The challenge is in knowing just precisely where to market.

Enter social network analysis, which views social relationships in terms of nodes (individual actors within the networks) and ties (relationships between the actors). The resulting graph-based structures are often highly complex due to the many varieties of ties between the nodes.

A "micro" social graph is an online graphical (pictorial) representation or data map of a unique individual person's identity and real-world network of activities and relationships. Analyzing a large set of these micro-graphs produces a macro-graph, based on second-degree connections. A macro social graph data map illustrates interconnections among people, groups and organizations in a social network.

Underpinning social network analysis is software used to identify, represent, analyze, visualize or simulate nodes and relationships. Metrics are executed based on network views, measuring what is mapped. The most popular network metrics include elements like density and cluster analysis.

Network analysis tools can be used in scholarly research, or for business purposes:

  • Conversational Marketing: The engagement of social media by a corporation to promote its product or brand. It differs from traditional forms of customer touch because the company may enter into an online dialogue that is stored publicly in a forum or blog.
  • Influencer Marketing: Focus is placed on specific key individuals rather than the target market as a whole. Individuals who have influence over potential buyers are identified, and marketing activities are oriented around them.
  • Affinity Group Marketing:: Targets existing groups of customers already interested in a certain product or service. Marketers can leverage relationships and the existing brand, loyalty, attention and buying power of the group. Here, the cluster is the basic unit of organization.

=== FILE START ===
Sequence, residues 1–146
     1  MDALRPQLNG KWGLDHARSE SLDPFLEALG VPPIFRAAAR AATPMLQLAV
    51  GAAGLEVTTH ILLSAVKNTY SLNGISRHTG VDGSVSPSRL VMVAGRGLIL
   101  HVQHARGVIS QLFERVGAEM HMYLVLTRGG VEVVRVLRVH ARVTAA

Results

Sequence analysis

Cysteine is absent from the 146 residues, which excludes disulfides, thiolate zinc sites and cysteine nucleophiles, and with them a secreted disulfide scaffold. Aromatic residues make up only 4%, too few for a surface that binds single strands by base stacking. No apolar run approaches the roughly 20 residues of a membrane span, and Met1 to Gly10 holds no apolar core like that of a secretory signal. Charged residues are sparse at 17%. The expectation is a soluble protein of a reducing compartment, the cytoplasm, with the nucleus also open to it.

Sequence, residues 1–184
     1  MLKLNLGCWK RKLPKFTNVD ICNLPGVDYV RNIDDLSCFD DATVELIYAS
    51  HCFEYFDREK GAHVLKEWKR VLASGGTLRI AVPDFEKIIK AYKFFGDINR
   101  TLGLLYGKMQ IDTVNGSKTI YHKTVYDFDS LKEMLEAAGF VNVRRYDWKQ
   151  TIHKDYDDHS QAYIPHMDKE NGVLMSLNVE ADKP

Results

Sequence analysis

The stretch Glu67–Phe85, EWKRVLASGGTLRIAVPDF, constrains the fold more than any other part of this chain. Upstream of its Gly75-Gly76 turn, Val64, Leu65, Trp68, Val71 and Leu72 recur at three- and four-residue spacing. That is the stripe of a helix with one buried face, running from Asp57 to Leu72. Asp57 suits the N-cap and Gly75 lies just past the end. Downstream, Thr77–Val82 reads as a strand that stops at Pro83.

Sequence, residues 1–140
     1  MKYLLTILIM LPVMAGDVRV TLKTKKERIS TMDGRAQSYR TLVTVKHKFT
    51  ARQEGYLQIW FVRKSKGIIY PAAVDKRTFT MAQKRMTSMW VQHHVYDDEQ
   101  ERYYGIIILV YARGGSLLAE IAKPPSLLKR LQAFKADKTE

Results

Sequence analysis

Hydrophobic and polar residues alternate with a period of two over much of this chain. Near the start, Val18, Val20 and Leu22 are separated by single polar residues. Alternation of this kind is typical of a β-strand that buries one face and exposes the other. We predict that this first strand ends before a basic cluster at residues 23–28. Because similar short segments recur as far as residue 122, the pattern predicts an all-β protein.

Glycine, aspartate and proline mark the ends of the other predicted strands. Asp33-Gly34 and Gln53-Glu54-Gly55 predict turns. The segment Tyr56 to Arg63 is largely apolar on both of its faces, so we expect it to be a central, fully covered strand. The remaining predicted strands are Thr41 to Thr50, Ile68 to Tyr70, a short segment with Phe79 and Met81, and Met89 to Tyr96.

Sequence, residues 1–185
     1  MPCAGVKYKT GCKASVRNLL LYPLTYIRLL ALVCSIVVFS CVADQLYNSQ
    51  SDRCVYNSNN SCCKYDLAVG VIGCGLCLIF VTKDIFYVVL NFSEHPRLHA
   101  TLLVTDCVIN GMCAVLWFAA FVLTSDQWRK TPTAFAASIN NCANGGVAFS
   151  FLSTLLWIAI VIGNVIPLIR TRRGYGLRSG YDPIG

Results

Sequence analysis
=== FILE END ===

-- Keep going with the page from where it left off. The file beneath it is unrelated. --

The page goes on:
• Word of Mouth Marketing (WOMM): Word of mouth (WOM) references the passing of information from person to person. WOMM encompasses a variety of subcategories, including buzz, blog, viral, grassroots, social media marketing (SMM), consumer-generated media (CGM), etc.

SaaS Marketing Automation

Marketing automation involves the use of software to automate marketing processes such as customer segmentation, customer data integration and campaign management.

In the Software as a Service (SaaS) distribution model, common business applications are hosted by a vendor or service provider and made available to customers over the Internet. Software and data are stored on remote servers.

SaaS marketing automation applications enable marketers to improve customer relationship management (CRM) and valuation to better see which customers the company should target in order to maximize profits. Some SaaS social network marketing vendors:

  • Lotame Solutions markets Crowd Control Technology, an analytics package designed to enable social media site publishers to research the site's users and obtain a comprehensive view of user actions and interests (declared and demonstrated) in order to discover and leverage new marketing channels. For third-party advertisers and marketers, the software aggregates data to help locate, target and message the influencers inside social network communities.

    Lotame's SaaS-delivered solutions are only available to publishing partners. Currently, Lotame generates revenue by enabling brand advertisers to reach targeted audiences with marketing campaigns using Crowd Control Technology.

    "We share advertising revenues with our publisher partners who help us develop the targeting data and provide us with media space to reach those targeted audiences," founder and CEO Andy Monfried told CRM Buyer. "Every community that we work with is different and, therefore, requires slight variations to our solutions."